But a common creed is only as strong as the arms that hold it upright, and this new year also promises opportunities to test our commitment to these principles. By breathing the air, drinking the water, and living our lives, we must all accept the mantle of our times. In spite of our best wishes and hopes, there will be disappointment and obstacles. Lofty ideals such as ours, that a man is entitled to live with hope, and that hate and oppression must in time be relegated back into the flames which spawn such malices, demand constant exercise and practice. We will meet those throughout our day who struggle more with the vices of cruelty and coldness than others, and we must meet them evenly.
Thus, at the start of this new year, we must ask ourselves and our neighbors at home, and our national neighbors, to hold ourselves to these principles: that our strength is nothing without a mind to moderate the ills of fear and apprehension, and that our common soul must stymie instigations of violence and oppression.
In terms of our national spirit, these beliefs are made clear through our international policies; of honoring our treaties with the Buracca tribes north of Uthenland, we preserve peace with respect to the sanctity of all men. In honoring our strong treaty with the Aerah Empire, we promote peaceful coexistence and hope, and in focusing inward on our own nation and rejecting aggressive international ambitions of conflict, we sanctify the values expressed by the words which we honor.
Foreign states, then, would be wise to recognize our integrity and sincerity when we say in turn that our corner of the globe deserves no less a peace than the peace which we have already secured and maintained for nearly twenty years. Foreign adventures amongst our neighbors by glory seekers and would be conquerors challenges the peace and stability which our people, and all people, cherish so strongly. Thus, to conclude the thought, these facts must be established: our virtues, and the defense of our virtues, must be first and foremost in the hearts and minds of all men, and that acts of aggression must be combatted not just with guns and swords, but with pen and tongue. Together, peace may be preserved.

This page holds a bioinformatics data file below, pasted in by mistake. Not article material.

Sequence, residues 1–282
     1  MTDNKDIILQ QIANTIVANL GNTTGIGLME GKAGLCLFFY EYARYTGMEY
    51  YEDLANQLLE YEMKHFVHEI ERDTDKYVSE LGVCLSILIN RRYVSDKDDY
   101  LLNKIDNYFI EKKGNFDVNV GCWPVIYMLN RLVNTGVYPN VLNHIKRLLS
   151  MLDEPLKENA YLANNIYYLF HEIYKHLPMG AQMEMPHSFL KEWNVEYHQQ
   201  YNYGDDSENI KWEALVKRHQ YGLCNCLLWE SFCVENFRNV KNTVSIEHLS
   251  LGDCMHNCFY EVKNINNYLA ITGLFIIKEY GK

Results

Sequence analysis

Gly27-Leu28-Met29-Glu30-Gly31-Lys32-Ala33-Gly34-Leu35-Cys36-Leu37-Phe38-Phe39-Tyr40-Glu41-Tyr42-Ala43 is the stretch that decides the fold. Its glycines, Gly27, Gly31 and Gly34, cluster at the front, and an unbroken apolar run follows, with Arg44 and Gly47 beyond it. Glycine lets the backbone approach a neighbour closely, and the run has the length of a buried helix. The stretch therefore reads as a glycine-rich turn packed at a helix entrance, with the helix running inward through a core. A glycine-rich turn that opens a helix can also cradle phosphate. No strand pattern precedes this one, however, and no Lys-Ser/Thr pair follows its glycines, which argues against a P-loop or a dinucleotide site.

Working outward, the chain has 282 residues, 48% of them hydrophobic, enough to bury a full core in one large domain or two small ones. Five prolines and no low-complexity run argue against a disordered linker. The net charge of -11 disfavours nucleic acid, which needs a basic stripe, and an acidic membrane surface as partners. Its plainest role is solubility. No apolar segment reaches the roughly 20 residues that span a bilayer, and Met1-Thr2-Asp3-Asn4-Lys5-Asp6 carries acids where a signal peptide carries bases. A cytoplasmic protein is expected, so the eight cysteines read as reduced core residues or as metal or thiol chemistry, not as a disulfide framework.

The Confederated Kingdoms thus reiterates our commitment to peace in the north, and to our open hands towards our brothers and sisters in Nimiskraus, and in the former Lusitanian state, and to men and women around the globe. Their majesties finally conclude with our sincerest hopes for peace, prosperity, dignity and honor in this new year, and wish the best to all the citizens of the world. May the gods bless you, and happy new year.
In another dimly lit and distant room, a hand reached out and with a forceful click shut the radio down. There was a happy optimism to the crowded room; a cache of brandy had been opened, and the men and women of Cap Reed Station smiled warmly in the lantern light. They were grateful for the year, and for their home of corrugated metal and wooden planks. Outside in the dark, it was raining, playing staccato rhythms on the roof and the windows, and in the corner the stove crackled and it all came together in a reassuring symphony of voices and environment.
"A toast then!" and a toast it is; in the dark, hands go up and hopes go out--peace, love, hope, good fortune...
Outside, the dark stretches without interruption for thousands of miles. But for the twenty six men and women left on Bonhaven Island, the world resides in their bunkhouse, their storage shed, their radio set, and following the difficulties of establishing their little enclave--bringing ashore supplies, cold nights in tents while the buildings were established and the concrete dried and while they pulleyed antennas into position--their small, civilized celebration feels as large as a city square holding thousands.
Outside, the wind moans, and the rain falls, and in time, the battery bank is shut down for the night, and then in time the candles fade.